So, as it turns out, moving to another country in the middle of a pregnancy is stressful. Who knew?
It’s not even the move itself that’s freaking me out. Boxes will be packed, loaded on a truck, and driven to our new home. You know, once we actually find one.
And once we have an address, we can open a Canadian bank account. And apply for health insurance.
What’s really stressing me out is finding prenatal care. And figuring out where this kid is going to be born.
I’m fortunate that things have been going so well. No concerns about me or the baby (other than the mystery crotch pain that still hasn’t gone away). I’m not considered high-risk, despite my “advanced maternal age.” But I do have a negative blood type. Hubby’s is positive. Which means I need a RhoGAM shot at 28 weeks. Approximately a week after our arrival in Montreal.
Where do I go for this injection and the rest of my prenatal care? As I’m learning, there is a shortage of health care providers in Quebec. My first choice would be to go to a midwife. Currently, my OBs office has several of them, and any one of them could attend the birth at the hospital across the street, in what they call a “natural birthing center.” Montreal has three birthing centers, where you can be attended by a midwife, but they fill up quickly. And from what I can tell, if you go to a hospital, you don’t have the option of a midwife. Most women who want that option get on the waiting list at all three birthing centers by the time they’re 5 or 6 weeks pregnant. I’m currently 20 weeks pregnant and just got myself on one waiting list this week.
OBs are also in high demand, and I probably won’t have much luck finding one of those, either. So my next option is a general practitioner, or family doctor, who is taking new patients. I spoke to a very nice woman at the birthing center, and she gave me a whole list of numbers to try, but I’m so overwhelmed, I don’t know where to begin. Hiring a doula is also an option, especially if I don’t end up with the kind of practitioner I want, but I don’t exactly have an extra $1000 lying around to pay for one.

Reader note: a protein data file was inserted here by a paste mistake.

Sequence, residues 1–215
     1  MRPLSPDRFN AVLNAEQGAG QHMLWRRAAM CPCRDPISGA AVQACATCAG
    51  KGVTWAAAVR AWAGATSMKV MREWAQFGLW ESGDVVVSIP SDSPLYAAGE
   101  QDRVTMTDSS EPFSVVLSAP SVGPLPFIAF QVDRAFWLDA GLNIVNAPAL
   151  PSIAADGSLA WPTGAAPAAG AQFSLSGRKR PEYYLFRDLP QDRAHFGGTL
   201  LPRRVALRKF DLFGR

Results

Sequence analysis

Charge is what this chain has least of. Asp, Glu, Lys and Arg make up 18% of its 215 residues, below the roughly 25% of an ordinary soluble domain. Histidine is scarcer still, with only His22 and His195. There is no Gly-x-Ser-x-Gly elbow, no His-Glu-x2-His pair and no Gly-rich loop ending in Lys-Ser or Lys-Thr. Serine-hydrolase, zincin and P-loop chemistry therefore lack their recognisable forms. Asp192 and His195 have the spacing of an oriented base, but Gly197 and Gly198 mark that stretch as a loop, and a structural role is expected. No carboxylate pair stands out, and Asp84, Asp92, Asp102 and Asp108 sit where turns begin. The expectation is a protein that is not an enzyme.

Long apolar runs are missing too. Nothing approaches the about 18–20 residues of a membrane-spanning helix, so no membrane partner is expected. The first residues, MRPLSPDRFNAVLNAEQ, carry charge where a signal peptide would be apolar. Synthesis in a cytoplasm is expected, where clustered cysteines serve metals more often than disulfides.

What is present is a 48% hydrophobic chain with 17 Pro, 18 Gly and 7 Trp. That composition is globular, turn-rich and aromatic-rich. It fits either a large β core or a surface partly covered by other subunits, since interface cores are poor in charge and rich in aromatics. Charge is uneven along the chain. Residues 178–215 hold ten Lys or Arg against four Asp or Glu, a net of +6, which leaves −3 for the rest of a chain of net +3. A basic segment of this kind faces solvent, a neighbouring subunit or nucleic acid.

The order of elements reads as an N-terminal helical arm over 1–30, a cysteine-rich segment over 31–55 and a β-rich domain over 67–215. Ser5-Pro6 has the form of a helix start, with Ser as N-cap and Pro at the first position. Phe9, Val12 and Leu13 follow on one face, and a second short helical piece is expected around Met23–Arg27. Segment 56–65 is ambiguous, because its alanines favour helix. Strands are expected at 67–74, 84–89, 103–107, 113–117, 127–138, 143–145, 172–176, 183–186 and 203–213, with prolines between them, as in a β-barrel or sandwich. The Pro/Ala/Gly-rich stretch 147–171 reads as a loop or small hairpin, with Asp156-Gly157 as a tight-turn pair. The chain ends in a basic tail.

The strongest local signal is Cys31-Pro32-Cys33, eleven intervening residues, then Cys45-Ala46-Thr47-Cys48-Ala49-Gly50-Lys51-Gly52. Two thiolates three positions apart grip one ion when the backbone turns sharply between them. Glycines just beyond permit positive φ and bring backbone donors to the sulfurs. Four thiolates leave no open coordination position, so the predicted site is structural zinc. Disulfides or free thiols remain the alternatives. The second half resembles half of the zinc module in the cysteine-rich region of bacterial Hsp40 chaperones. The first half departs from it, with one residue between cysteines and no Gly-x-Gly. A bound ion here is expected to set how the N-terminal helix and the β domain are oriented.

And what about after the baby is born? Apparently pediatricians aren’t easy to come by, either.
The whole thing makes me want to curl up into a ball for the next 4 1/2 months and just hope for the best.
Thumper is going to be born, one way or another. With or without a midwife. With or without having a pediatrician lined up. Which is fine, if everything goes smoothly, and she’s healthy. But what if she’s not?
I try to remind myself to breathe. To take things one at a time. To sit down with my list and cross off those numbers one by one, getting whatever information I can over the phone. When I can find time to call, which is an issue in itself.
Any Canadians have any ideas about how to go about this? Anything I haven’t thought of that could make this whole process easier? As I told the woman at the birthing center, at this point, I’ll take anything I can get.